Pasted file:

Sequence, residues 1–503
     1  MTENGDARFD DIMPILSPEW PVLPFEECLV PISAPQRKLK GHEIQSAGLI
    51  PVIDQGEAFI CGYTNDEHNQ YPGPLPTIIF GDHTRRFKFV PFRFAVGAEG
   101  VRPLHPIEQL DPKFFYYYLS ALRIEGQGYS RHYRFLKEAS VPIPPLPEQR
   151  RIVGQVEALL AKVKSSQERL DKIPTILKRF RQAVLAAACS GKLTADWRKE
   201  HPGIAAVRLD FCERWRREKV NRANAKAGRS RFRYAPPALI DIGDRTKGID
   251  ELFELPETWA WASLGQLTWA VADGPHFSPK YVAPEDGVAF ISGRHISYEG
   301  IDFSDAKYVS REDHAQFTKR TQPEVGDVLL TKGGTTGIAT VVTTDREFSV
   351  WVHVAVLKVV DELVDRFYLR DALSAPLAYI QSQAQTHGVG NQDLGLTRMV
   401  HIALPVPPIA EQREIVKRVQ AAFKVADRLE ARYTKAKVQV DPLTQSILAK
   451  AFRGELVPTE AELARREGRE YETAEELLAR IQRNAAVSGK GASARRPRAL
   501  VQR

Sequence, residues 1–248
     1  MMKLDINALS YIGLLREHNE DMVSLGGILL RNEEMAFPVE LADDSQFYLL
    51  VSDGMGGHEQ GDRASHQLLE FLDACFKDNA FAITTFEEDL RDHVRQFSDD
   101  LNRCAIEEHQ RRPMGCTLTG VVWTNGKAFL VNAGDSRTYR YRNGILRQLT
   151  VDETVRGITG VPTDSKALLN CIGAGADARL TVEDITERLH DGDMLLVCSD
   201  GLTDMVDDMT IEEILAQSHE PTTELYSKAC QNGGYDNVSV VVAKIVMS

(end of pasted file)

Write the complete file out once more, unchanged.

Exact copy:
Sequence, residues 1–503
     1  MTENGDARFD DIMPILSPEW PVLPFEECLV PISAPQRKLK GHEIQSAGLI
    51  PVIDQGEAFI CGYTNDEHNQ YPGPLPTIIF GDHTRRFKFV PFRFAVGAEG
   101  VRPLHPIEQL DPKFFYYYLS ALRIEGQGYS RHYRFLKEAS VPIPPLPEQR
   151  RIVGQVEALL AKVKSSQERL DKIPTILKRF RQAVLAAACS GKLTADWRKE
   201  HPGIAAVRLD FCERWRREKV NRANAKAGRS RFRYAPPALI DIGDRTKGID
   251  ELFELPETWA WASLGQLTWA VADGPHFSPK YVAPEDGVAF ISGRHISYEG
   301  IDFSDAKYVS REDHAQFTKR TQPEVGDVLL TKGGTTGIAT VVTTDREFSV
   351  WVHVAVLKVV DELVDRFYLR DALSAPLAYI QSQAQTHGVG NQDLGLTRMV
   401  HIALPVPPIA EQREIVKRVQ AAFKVADRLE ARYTKAKVQV DPLTQSILAK
   451  AFRGELVPTE AELARREGRE YETAEELLAR IQRNAAVSGK GASARRPRAL
   501  VQR

Sequence, residues 1–248
     1  MMKLDINALS YIGLLREHNE DMVSLGGILL RNEEMAFPVE LADDSQFYLL
    51  VSDGMGGHEQ GDRASHQLLE FLDACFKDNA FAITTFEEDL RDHVRQFSDD
   101  LNRCAIEEHQ RRPMGCTLTG VVWTNGKAFL VNAGDSRTYR YRNGILRQLT
   151  VDETVRGITG VPTDSKALLN CIGAGADARL TVEDITERLH DGDMLLVCSD
   201  GLTDMVDDMT IEEILAQSHE PTTELYSKAC QNGGYDNVSV VVAKIVMS